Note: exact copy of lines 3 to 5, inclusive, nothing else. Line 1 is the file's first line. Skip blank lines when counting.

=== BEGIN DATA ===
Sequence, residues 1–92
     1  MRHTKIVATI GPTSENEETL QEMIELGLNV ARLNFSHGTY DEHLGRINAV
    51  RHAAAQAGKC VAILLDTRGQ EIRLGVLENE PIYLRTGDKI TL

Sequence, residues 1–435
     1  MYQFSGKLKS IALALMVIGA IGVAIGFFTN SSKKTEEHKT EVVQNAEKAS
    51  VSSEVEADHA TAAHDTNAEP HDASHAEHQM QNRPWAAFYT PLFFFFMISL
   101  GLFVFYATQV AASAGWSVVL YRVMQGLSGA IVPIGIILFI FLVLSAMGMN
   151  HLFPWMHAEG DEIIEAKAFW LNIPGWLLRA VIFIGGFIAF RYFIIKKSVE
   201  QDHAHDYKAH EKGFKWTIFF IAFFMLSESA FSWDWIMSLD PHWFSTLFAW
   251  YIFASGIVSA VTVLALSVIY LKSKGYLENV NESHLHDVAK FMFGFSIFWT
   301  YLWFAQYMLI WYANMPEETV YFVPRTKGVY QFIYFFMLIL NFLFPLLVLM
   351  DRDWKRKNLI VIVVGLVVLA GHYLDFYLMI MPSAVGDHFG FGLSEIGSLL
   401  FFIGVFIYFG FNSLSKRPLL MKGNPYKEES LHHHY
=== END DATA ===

    51  RHAAAQAGKC VAILLDTRGQ EIRLGVLENE PIYLRTGDKI TL

Sequence, residues 1–435
     1  MYQFSGKLKS IALALMVIGA IGVAIGFFTN SSKKTEEHKT EVVQNAEKAS